EasyJet’s flying high thanks to a rethink on how to run a budget airline

 

OUTLOOK: EasyJet is flying. Sure it lost money in the first half, but that’s what airlines like EasyJet do. It’s in the summer, when people travel, that money can be made.

All the same, in what amounts to a reverse profit warning the company says it now expects to lose between £55m and £65m in the first half, comparable to last year’s figure and down sharply from the £70m - £90m deficit the company had forecast a couple of months ago. 

Virtually every metric has since moved in its favour. Costs per seat will be lower than feared, revenue will be quite a bit higher. 

Right on cue, the City’s scribblers are sharpening their pencils, and firing up their spreadsheets so they can upgrade their full year forecasts (although one or two might wait until they’ve seen the numbers on summer bookings). 

Which is bad news for founder Sir Stelios Haji-Ioannou. His annual campaign against the board, and the high-cost bonuses awarded to the low-cost airline’s executives, is going to fall on even more deaf ears than usual. The chief of those executives, Carolyn McCall, will be presenting the numbers to happy investors and they’ll back her. 

It is true, as Sir Stelios will probably point out, that she and her colleagues hardly deserve all the credit for company’s high altitude cruise. The winter weather was benign this year, at least as far as airlines were concerned, so cancellations were rare. Moreover, fuel costs have proved less onerous than expected.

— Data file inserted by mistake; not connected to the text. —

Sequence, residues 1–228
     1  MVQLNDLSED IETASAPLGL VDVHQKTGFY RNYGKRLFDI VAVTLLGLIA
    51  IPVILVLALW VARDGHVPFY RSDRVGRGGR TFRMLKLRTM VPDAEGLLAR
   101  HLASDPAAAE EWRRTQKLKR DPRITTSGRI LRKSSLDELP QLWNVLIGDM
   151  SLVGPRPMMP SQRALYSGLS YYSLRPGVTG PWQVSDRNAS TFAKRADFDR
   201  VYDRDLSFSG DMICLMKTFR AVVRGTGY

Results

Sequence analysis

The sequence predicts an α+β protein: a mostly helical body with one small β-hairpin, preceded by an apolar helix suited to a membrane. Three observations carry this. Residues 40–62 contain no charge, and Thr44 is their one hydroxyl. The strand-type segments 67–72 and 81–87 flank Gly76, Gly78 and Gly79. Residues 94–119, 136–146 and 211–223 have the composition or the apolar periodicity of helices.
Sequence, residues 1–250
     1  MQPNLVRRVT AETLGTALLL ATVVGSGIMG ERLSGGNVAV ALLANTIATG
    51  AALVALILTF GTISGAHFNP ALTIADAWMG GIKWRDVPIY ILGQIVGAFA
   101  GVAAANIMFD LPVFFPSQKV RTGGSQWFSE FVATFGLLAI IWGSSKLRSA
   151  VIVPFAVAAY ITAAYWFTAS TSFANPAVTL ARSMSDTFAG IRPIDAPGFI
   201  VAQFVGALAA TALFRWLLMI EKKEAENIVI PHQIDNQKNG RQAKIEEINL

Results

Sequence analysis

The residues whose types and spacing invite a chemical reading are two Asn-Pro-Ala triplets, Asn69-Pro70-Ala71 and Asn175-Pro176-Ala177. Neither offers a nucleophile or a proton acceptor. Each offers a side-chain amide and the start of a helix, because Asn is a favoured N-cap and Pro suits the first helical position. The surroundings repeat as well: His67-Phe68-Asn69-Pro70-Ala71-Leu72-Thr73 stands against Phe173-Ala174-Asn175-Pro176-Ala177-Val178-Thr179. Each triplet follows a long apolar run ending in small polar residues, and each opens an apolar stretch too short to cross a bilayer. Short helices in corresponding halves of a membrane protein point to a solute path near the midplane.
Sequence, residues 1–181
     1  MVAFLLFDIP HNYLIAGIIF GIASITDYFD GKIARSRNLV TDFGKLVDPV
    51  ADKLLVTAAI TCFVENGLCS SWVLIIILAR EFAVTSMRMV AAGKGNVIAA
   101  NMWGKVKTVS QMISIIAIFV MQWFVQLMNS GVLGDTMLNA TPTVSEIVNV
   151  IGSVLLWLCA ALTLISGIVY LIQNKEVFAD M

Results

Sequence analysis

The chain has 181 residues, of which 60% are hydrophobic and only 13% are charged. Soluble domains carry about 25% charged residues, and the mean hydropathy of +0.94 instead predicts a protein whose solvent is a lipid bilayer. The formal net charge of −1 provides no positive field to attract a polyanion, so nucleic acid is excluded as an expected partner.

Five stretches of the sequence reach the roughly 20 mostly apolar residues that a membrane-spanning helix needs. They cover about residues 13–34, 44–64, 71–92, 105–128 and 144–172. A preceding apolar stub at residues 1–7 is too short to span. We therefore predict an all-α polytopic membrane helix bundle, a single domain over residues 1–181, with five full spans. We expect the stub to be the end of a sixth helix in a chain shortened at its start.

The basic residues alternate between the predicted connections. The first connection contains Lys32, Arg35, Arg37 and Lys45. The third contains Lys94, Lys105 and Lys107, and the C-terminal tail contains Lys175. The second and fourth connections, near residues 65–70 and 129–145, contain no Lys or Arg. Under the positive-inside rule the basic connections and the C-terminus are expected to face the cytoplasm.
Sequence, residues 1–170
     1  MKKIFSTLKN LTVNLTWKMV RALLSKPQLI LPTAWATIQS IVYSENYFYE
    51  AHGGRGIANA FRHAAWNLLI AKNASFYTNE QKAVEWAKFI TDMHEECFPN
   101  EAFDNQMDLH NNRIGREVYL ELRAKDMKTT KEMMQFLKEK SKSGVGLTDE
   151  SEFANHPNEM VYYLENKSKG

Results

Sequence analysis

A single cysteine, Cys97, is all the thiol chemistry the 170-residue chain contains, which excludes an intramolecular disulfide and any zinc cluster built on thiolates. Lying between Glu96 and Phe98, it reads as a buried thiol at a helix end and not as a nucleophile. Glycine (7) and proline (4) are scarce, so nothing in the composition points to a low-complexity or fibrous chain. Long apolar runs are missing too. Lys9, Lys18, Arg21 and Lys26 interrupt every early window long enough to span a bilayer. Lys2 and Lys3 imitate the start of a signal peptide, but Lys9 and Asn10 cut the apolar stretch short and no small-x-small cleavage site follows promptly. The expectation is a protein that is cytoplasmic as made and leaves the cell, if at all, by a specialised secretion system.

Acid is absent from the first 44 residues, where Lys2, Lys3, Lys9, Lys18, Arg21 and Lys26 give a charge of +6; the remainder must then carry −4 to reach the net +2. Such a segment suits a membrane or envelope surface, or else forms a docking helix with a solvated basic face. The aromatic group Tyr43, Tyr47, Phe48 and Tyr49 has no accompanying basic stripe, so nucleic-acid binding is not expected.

But credit MMs cCall with waking up to some of what irritates passengers about her airline’s business model and stealing a march on rivals by updating it. Flying with EasyJet still isn’t always a lot of fun (check out last year’s squeeze on hand luggage) but you can now get allocated seating, and flights can be changed if necessary (a nod to business customers).  

It’s taken years for low cost carriers to wake up to the fact that making modest tweaks to their procedures like this can pay more dividends than simply advertising ultra low cost flights and finding ever more irritating ways to tack extra charges on top. 

Of course, now EasyJet’s done it, the past master at the latter Ryanair has been hurrying to catch up. The latter’s chief executive Michael O’Leary (who’s been an asset to McCall) has even admitted that his brash style might be hurting business. But even if he’s a leopard that can change his spots, he’s got some catching up to do. 

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